Invasion of Dumatul Jandal

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Invasion of Dumatul Jandal
Date June, 626 AD
Location Dumat Al-Jandal
Result As follows:
  • Muhammad successfully occupies Dumatul Jandal and stays for 5 days
  • Tribe members flee
  • Muhammad makes treaty with large Ghatafan tribe[1]
Belligerents
Muslims Tribes of Dumatul Jandal
Commanders and leaders
Muhammad
Strength
1000 fighters Unknown [1]

The Invasion of Dumatul Jandal, took place in Rabi‘ Al-Awwal, 5 A.H i.e. in June, 626 AD,[2] or July 626 AD.[3]

According to the Sealed Nectar, Dumat Al-Jandal is located at about a distance of fifteen days march from Madinah and five from Damascus.[1] According to William Montgomery Watt, it is 500 miles from Medina.[4]

Invasion[edit]

According to William Muir, due to a famine in the area, some tribes were attacking travellers and threatened to raid Medina.[3]

According to The Sealed Nectar, after a six-month lull of military activities, Muhammad received intelligence that some tribes, in the vicinity of Dumat Al-Jandal, on the borders of Syria, were involved in highway robbery and plundering, and were on their way to muster troops and raid Madinah itself. He immediately appointed Siba‘ bin ‘Arfatah Al-Ghifari to dispose the affairs of Madinah during his absence, and set out at the head of 1000 Muslims, a man named Madhkur, from Banu Udhrah, was his guide.[1]

On their way to Dumat Al-Jandal, they used to march by night and hide by day, so that they might take the enemy by surprise. When they drew near their destination, the Muslims discovered that the highway men had moved to another place, so they captured their cattle and shepherds. Muhammad stayed there for 5 days during which he dispatched expeditionary forces to hunt for the enemy personnel but they detected none. He made a treaty with ‘Uyainah bin Hisn while returning to Madinah.[1]

William Muir states that the "robbers fled without offering any opposition".[3]

Analysis[edit]

William Montgomery Watt claims that this was the most significant expedition Muhammad ordered at the time, even though it received little notice in the primary sources. Duma was 500 miles from Medina, and Watt says that there was no immediate threat to Muhammad, other than the possibility that his communications to Syria and supplies to Medina being interrupted. Watt says "It is tempting to suppose that Muhammad was already envisaging something of the expansion which took place after his death", and that the rapid march of his troops must have "impressed all those who heard of it".[4]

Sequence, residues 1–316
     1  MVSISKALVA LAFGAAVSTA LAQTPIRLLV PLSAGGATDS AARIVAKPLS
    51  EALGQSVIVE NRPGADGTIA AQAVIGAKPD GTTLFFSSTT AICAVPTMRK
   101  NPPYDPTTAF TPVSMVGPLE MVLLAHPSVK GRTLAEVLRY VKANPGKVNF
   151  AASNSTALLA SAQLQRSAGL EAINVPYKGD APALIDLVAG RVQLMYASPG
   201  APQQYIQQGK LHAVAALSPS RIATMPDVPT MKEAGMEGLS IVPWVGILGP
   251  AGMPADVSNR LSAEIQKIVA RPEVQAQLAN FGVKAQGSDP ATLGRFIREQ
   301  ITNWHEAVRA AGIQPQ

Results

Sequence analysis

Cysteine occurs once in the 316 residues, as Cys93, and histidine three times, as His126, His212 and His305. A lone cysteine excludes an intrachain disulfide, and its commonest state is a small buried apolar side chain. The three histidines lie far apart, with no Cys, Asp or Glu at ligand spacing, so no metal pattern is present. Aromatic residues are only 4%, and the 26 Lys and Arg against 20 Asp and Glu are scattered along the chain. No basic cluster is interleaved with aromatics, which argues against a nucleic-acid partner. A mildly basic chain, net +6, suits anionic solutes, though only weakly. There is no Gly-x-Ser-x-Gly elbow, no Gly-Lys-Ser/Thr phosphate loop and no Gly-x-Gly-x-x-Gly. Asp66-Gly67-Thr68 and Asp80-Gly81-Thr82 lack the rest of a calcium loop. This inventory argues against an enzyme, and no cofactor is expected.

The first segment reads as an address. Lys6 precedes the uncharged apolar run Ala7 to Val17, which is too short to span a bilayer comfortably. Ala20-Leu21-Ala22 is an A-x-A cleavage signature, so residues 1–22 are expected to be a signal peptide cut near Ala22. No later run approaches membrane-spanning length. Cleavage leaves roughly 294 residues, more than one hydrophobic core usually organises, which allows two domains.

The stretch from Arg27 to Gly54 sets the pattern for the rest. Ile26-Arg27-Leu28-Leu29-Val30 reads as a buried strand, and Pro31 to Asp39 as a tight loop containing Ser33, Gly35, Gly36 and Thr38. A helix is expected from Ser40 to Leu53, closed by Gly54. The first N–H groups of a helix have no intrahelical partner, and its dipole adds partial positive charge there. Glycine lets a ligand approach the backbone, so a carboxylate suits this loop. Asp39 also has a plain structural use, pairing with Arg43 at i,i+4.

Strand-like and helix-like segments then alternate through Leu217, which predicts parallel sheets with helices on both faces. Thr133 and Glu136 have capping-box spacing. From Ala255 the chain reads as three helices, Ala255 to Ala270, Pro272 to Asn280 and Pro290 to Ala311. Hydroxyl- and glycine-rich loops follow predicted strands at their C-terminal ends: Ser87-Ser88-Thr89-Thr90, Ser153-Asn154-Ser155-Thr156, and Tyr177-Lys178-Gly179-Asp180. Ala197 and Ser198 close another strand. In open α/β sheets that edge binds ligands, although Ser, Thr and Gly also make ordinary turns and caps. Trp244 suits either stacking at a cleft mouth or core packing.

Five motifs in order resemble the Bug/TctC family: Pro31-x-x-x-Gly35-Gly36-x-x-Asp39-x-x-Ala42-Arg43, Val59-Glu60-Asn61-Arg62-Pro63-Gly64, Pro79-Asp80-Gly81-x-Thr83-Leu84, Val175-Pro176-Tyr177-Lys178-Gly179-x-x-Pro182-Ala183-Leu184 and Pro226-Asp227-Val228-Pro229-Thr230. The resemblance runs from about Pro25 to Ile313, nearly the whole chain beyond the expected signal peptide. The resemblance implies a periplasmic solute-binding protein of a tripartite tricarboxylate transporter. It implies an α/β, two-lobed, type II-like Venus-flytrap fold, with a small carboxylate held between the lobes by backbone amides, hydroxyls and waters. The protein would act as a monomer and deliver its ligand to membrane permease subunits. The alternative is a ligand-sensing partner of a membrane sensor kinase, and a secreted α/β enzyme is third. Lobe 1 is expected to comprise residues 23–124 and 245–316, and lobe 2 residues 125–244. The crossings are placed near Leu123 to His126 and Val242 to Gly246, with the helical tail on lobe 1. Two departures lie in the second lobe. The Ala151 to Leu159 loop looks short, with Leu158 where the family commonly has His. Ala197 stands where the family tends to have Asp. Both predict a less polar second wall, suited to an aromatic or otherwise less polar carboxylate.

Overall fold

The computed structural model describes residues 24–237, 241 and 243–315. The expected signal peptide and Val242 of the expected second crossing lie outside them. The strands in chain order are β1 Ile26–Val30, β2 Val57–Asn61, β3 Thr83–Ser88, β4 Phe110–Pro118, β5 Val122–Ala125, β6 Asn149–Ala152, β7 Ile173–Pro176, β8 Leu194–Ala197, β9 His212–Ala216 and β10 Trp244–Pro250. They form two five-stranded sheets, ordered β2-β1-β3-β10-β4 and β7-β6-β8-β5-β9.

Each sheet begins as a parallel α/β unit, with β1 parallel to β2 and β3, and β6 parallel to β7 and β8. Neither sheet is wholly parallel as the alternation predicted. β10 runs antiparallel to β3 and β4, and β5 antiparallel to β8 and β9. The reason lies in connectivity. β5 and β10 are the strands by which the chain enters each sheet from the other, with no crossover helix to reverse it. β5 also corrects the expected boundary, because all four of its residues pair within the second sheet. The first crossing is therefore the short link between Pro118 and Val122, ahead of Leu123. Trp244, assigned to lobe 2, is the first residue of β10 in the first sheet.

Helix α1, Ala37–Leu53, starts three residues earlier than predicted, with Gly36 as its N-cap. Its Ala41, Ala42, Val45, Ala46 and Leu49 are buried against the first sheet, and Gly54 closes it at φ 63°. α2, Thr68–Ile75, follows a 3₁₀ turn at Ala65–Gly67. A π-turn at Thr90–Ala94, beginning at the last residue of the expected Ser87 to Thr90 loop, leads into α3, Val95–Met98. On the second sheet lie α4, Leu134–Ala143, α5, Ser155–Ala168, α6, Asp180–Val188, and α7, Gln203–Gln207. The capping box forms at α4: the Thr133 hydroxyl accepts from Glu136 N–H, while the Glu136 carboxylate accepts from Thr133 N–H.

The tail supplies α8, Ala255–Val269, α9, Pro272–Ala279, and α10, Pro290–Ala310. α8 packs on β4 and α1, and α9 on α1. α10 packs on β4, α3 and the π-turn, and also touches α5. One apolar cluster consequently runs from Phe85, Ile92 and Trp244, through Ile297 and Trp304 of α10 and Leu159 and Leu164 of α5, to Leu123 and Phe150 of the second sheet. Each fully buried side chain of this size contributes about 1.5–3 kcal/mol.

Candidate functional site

William Muir also believes that the expedition was important as Muhammad followed by 1000 men reached the confines of Syria, where distant tribes had now learnt to fear his name, while the political horizon of Muhammad was extended. He also claims that the lust of the Muslim's to plunder was extended to a far wider range.[3]

See also[edit]

Notes[edit]

  1. ^ a b c d e Rahman al-Mubarakpuri, Saifur (2005), The Sealed Nectar, Darussalam Publications, pp. 193–194  (online)
  2. ^ Hawarey, Dr. Mosab (2010). The Journey of Prophecy; Days of Peace and War (Arabic). Islamic Book Trust. Note: Book contains a list of battles of Muhammad in Arabic, English translation available here
  3. ^ a b c d Muir, William (1861), The life of Mahomet, Smith, Elder & Co, pp. 225–226 
  4. ^ a b Watt, W. Montgomery (1956). Muhammad at Medina. Oxford University Press. p. 35. ISBN 978-0-19-577307-1. This expedition receives scant notice in the sources, but in some ways it is the most significant so far. As Dumah was some 500 miles from Medina there can have been no immediate threat to Muhammad, but it may be, as Caetani suggests, 1 that communications with Syria were being interrupted and supplies to Medina stopped. It is tempting to suppose that was already envisaging something of the expansion which took place after his death.  (free online)